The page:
I read where solitude and reflection are necessary for creativity to bloom. I know that to be true. I can work on my art with conversation, podcasts, or a television – if my art is in the stitching phase, or adding details to a drawing. In other stages, I need alone time.
But the memories are made when the experience is shared. The conversations, the podcasts, the music my husband is playing while I stitch, all find their ways into the eye of the needle and are easily recalled when the piece is finished.
Sharing the journey sometimes means the expedition reaches its destination.
When I first conceived “Fifty-Two Tuesdays” I proposed to make a mini quilt each week for a year. I planned a written journal to accompany it, thinking that at the end of the year I would have a finished quilt and a book. I shared this vision with my writing group at the outset. They embraced the idea and as the year progressed, they asked questions about the structure of “the book”. My creative focus was on the quilt itself and keeping a journal of the details; fabrics included, threads, batting, techniques.
Since some members of that group knew little about quilting, their questions forced me to think more about the writing element. The take-away message here is to share your journey with people who don’t follow the same path that you do. They force you to see your destination from a different point of view.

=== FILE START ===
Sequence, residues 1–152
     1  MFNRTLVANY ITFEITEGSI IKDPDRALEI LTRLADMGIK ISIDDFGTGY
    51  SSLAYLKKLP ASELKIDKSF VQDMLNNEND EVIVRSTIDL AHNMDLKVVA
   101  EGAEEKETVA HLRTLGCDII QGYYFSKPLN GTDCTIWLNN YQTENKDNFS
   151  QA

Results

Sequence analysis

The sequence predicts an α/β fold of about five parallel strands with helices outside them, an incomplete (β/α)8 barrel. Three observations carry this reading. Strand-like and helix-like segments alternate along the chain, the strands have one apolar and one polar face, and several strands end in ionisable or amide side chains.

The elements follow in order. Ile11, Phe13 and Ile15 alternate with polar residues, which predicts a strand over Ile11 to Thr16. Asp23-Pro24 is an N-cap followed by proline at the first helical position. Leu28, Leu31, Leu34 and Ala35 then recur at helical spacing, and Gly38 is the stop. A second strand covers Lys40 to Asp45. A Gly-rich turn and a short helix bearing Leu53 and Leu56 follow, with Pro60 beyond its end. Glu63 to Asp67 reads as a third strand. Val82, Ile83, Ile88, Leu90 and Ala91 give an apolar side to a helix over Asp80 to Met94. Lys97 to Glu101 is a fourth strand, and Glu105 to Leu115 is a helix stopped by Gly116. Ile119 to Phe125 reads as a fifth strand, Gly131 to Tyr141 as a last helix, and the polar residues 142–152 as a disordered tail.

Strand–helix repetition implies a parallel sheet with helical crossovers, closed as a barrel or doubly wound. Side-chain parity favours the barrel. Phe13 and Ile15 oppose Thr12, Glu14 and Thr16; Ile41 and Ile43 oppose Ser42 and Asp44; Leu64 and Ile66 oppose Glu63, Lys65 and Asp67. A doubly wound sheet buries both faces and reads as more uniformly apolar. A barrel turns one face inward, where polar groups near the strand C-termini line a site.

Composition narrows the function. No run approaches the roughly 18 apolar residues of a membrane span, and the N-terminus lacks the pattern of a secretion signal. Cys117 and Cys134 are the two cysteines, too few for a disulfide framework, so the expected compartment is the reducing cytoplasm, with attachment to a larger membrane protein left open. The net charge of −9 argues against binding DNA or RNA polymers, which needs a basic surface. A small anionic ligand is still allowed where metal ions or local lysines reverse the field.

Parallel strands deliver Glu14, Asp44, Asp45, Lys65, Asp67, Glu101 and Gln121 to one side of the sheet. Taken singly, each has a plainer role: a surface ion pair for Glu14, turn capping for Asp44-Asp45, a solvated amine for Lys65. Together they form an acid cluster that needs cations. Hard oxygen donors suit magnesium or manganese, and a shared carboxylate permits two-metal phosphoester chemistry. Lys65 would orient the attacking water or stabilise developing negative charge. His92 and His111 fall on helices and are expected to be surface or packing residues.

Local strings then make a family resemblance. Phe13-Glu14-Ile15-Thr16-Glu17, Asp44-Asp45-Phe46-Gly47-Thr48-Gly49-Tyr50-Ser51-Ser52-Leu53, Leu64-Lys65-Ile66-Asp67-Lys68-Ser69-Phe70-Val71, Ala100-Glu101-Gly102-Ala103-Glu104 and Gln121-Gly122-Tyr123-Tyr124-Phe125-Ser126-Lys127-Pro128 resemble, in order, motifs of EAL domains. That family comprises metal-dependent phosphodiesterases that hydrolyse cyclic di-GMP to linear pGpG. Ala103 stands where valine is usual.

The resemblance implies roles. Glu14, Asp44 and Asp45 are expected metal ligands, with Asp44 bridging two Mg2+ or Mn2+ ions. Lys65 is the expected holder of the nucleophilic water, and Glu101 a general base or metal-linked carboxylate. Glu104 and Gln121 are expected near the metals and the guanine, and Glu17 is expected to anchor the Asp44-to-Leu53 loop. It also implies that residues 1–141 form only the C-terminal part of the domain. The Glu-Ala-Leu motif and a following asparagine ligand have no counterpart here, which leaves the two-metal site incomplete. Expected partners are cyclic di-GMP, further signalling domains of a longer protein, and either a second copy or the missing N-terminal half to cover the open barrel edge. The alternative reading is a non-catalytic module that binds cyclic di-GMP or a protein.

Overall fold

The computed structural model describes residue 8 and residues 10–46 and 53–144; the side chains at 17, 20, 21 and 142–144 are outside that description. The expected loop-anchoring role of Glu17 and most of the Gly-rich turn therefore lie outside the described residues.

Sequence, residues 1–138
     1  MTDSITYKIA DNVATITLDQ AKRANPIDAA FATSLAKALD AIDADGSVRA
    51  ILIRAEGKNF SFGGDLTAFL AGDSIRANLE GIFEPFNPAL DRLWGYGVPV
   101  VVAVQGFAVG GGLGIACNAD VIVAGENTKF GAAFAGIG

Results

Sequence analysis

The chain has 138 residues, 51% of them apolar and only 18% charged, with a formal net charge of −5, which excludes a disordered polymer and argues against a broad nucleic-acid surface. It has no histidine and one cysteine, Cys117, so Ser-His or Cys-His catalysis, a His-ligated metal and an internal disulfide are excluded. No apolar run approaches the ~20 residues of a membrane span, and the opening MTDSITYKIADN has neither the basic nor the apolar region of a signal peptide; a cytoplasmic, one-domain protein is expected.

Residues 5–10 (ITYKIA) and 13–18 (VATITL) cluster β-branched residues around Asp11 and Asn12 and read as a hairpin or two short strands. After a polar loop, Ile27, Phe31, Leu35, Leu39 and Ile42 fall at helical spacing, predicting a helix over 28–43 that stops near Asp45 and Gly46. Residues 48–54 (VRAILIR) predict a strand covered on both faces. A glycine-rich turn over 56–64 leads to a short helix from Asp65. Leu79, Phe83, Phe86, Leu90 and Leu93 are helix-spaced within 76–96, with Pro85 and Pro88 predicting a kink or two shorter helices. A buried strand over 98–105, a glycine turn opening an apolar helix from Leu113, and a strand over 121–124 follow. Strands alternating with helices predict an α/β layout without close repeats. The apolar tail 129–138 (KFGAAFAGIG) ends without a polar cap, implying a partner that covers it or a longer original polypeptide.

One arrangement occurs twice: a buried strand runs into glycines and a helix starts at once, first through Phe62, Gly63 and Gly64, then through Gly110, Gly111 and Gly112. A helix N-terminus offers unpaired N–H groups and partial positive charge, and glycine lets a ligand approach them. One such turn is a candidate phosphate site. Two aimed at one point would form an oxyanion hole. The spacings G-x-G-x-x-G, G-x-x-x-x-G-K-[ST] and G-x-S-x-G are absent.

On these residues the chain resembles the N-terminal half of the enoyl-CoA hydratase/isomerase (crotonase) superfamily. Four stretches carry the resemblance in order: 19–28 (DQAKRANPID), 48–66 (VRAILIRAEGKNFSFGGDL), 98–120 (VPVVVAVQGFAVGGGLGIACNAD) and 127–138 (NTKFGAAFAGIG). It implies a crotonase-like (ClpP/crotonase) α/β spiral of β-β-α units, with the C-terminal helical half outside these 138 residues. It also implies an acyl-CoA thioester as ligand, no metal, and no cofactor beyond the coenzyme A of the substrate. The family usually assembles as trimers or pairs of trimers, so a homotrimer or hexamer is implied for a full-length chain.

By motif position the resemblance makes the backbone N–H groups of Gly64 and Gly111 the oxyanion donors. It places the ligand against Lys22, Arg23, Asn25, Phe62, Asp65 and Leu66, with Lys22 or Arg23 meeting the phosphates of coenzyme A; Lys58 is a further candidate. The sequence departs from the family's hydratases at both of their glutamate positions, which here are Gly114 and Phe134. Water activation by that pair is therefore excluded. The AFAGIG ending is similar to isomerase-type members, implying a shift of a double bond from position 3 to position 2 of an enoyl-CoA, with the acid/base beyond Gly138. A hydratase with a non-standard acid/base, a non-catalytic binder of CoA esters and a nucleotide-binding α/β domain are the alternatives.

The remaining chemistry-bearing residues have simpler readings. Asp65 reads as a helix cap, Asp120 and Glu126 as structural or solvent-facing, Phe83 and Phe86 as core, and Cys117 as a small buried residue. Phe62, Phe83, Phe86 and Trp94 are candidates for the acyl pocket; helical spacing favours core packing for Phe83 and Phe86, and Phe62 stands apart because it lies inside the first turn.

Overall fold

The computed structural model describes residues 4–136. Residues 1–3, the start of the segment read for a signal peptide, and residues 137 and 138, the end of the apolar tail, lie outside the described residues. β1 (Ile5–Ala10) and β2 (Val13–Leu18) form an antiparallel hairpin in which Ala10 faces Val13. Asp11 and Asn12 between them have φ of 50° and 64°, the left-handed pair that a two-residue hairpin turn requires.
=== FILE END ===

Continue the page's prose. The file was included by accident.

And if you are easily distracted, it helps to share your end goal. My darling daughter, DJ, who loves all things fiber as I do, loves to quilt vicariously through me. She sews and knits, but being a working mom, her fiber pursuits are now confined to shorter projects. In phone conversations, she puzzled fabric choices and “how am I going to resolve….?” dilemmas with me. And. Every Tuesday night, she expected to get a text message with a photo of the completed hexagon. That kept me on schedule. The lesson here is to engage a taskmaster. Deadlines are good.
And, finally, share your success. During the year, I took a few completed hexagons to show to members of my drawing class. Comprised mostly of non stitchers, this group overlooked the bunched up binding and skipped stitches, providing positive feedback. A reminder to look at the big picture. “Perfection is the enemy of creativity.”
With help from all these cheerleaders, I accomplished something that I had dreamed but might not have pursued to the end. And when I look at the finished products; a quilt and a book, I see these people who supported me as well as the events that inspired the designs.